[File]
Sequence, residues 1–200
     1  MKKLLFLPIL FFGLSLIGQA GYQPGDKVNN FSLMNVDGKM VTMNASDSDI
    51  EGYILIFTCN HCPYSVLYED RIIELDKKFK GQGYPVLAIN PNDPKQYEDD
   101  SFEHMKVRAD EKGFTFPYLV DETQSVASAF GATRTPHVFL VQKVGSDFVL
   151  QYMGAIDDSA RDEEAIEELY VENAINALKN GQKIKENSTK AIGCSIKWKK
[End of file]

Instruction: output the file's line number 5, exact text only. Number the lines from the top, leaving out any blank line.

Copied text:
   151  QYMGAIDDSA RDEEAIEELY VENAINALKN GQKIKENSTK AIGCSIKWKK